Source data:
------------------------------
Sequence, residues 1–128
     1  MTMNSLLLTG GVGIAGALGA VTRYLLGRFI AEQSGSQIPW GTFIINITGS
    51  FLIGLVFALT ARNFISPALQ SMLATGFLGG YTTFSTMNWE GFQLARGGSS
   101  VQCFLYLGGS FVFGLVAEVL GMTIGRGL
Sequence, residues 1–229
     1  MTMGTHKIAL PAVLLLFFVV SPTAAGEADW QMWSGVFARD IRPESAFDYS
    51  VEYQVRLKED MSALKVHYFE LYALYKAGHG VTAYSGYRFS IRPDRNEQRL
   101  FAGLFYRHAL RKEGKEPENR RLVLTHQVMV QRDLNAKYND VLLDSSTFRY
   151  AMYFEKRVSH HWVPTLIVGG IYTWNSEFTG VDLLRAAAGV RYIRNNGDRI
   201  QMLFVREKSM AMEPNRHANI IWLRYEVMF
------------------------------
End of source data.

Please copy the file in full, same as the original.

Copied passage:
Sequence, residues 1–128
     1  MTMNSLLLTG GVGIAGALGA VTRYLLGRFI AEQSGSQIPW GTFIINITGS
    51  FLIGLVFALT ARNFISPALQ SMLATGFLGG YTTFSTMNWE GFQLARGGSS
   101  VQCFLYLGGS FVFGLVAEVL GMTIGRGL
Sequence, residues 1–229
     1  MTMGTHKIAL PAVLLLFFVV SPTAAGEADW QMWSGVFARD IRPESAFDYS
    51  VEYQVRLKED MSALKVHYFE LYALYKAGHG VTAYSGYRFS IRPDRNEQRL
   101  FAGLFYRHAL RKEGKEPENR RLVLTHQVMV QRDLNAKYND VLLDSSTFRY
   151  AMYFEKRVSH HWVPTLIVGG IYTWNSEFTG VDLLRAAAGV RYIRNNGDRI
   201  QMLFVREKSM AMEPNRHANI IWLRYEVMF